Buffett's shareholder letters are celebrated for their profound insights into the realms of investment and business philosophy. Written with clarity and conciseness, these letters are a treasure trove of wisdom and practical counsel.
This book is an essential read for individuals seeking to glean wisdom from one of the most accomplished investors in history. Furthermore, it serves as a valuable reference for business leaders and corporate executives.
Below are some of the pivotal insights extracted from this book.
- Commit to long-term investing. According to Buffett, investors should prioritize a company's enduring potential rather than attempting market timing.
- Allocate investments to companies boasting robust fundamentals. Buffett's strategy involves seeking out entities with sound financial records, sturdy balance sheets, and enduring competitive edges.
- Acquire stocks when they are priced below their intrinsic worth. Buffett contends that investors can attain exceptional returns by purchasing stocks at a discount relative to their intrinsic value.
- Maintain a margin of safety. Buffett exclusively acquires stocks when they are available at a substantial markdown compared to their intrinsic value. This safety cushion serves as a shield, safeguarding investors from potential losses during market downturns.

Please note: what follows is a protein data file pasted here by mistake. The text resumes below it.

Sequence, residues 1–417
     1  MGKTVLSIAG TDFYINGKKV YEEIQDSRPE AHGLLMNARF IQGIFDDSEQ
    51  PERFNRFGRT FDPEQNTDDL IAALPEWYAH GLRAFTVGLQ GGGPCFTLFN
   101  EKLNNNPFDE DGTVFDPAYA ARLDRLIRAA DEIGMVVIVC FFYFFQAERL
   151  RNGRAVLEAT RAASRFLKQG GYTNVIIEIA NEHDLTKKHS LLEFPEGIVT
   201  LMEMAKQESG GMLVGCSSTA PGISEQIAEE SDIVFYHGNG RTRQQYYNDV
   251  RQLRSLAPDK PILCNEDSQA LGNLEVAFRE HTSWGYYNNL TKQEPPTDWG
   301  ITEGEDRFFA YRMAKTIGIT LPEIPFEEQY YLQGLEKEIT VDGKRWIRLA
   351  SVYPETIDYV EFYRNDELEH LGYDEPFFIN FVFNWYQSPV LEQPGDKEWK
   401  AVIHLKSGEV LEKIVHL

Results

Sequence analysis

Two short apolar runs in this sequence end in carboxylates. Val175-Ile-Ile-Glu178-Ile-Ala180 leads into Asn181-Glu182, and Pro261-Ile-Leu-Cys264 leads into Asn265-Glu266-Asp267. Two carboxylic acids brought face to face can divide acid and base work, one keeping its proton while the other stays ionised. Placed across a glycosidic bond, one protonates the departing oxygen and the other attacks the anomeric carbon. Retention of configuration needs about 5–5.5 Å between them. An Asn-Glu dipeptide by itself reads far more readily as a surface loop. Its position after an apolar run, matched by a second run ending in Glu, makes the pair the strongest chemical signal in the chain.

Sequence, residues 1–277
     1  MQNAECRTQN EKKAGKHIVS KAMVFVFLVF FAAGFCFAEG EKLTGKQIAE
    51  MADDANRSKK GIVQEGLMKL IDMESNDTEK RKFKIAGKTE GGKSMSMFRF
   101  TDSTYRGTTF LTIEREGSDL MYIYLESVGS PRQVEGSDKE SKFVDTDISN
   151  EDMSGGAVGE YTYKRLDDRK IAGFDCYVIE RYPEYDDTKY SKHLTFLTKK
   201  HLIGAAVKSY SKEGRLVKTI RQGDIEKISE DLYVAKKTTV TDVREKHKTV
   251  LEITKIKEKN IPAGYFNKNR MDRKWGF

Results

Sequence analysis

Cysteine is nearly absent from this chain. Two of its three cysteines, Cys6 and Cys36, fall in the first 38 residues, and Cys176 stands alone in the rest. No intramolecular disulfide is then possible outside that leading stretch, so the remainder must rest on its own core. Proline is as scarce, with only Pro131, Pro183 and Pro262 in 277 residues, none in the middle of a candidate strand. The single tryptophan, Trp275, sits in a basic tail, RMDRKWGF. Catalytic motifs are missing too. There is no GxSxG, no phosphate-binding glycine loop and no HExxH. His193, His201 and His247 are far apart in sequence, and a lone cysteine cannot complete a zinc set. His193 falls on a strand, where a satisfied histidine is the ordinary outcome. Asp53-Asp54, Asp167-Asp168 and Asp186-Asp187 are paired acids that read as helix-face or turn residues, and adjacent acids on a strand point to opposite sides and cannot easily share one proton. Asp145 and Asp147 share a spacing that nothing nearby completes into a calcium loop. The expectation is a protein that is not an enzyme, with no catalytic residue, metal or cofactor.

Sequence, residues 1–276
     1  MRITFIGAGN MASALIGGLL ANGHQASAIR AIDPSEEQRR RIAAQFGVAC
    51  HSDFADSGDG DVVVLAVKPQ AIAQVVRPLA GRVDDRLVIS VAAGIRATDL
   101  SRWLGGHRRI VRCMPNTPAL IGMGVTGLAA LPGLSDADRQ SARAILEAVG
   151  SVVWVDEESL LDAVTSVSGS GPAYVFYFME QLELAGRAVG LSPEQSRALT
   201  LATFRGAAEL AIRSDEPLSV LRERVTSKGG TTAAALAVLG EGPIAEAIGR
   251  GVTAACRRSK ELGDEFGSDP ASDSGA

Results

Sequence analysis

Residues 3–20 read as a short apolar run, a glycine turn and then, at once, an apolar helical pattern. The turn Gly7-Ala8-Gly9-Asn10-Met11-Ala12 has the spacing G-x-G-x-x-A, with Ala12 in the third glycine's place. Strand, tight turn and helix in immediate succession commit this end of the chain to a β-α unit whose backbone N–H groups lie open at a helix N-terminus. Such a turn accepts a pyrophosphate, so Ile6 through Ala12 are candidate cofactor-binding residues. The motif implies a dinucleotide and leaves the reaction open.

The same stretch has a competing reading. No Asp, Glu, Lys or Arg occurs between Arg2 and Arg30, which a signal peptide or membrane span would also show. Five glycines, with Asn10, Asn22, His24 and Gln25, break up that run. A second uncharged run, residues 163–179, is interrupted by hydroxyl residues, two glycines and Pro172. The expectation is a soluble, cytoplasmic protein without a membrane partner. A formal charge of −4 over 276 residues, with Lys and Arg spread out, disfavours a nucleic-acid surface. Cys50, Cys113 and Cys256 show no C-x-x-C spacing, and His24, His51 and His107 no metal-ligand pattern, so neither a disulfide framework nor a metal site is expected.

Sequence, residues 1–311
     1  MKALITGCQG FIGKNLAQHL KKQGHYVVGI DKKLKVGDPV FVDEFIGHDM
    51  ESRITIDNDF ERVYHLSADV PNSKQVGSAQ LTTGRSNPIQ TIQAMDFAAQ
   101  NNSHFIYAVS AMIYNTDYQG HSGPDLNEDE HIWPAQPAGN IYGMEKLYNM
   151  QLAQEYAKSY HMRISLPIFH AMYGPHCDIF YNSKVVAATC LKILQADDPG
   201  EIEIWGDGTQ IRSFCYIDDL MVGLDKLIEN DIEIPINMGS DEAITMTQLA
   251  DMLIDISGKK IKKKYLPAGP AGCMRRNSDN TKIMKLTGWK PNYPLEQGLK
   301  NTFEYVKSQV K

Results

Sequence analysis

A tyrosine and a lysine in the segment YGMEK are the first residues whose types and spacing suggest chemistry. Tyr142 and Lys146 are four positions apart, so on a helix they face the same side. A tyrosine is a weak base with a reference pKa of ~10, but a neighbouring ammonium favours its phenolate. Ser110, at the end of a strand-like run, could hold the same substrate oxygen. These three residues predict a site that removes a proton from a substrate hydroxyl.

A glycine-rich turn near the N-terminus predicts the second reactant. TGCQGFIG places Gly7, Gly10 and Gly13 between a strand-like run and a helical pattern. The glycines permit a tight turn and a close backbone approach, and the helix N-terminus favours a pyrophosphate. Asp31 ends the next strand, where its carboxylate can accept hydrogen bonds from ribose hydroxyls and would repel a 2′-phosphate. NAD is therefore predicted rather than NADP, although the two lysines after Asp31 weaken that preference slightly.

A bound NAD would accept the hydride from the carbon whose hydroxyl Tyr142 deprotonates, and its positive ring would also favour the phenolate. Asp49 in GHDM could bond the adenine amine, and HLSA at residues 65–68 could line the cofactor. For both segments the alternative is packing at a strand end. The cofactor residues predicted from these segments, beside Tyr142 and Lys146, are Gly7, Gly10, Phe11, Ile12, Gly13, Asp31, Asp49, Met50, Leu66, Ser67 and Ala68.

- Exercise patience. Buffett asserts that accumulating wealth via investments is a gradual process. He harbours no apprehension about retaining stocks for extended periods, sometimes spanning decades.
Margin of Safety: Risk-Averse Value Investing Strategies for the Thoughtful Investor
The paramount objective for every investor should be the prevention of losses. Achieving this is contingent upon investing with a substantial margin of safety. Such a margin is imperative due to the inherent imprecision in valuation, the unpredictability of the future, and the inevitability of human errors among investors.
“Margin of Safety: Risk-Averse Value Investing Strategies for the Thoughtful Investor” is a book authored by Seth Klarman, initially released in 1991. It stands as a timeless masterpiece on value investing, a methodology designed to acquire stocks priced below their inherent value. Klarman posits that investors can attain exceptional returns by procuring stocks at a markdown relative to their intrinsic worth and subsequently divesting them when their value surpasses this threshold.
The book has been partitioned into two sections:
Part I: The Value Investing Approach: Within this section of the book, Klarman delves into the foundations of value investing. He expounds on the rationale behind value investing as a prudent investment approach, offering various techniques for assessing a stock's intrinsic value. Additionally, Klarman emphasizes the significance of investing in companies characterized by robust fundamentals and a margin of safety.
Part II: Risk-Averse Value Investing: In this segment of the book, Klarman explores the prudent execution of a risk-averse value investing strategy. He underscores the significance of diversification, asset allocation, and position sizing in this context. Furthermore, Klarman emphasizes the importance of comprehending one's own risk tolerance and investment objectives.
For any investor seeking a grasp of value investing principles, this book is an essential read. It holds the status of a timeless classic, having been employed by successive generations of prosperous investors, including the renowned Warren Buffett.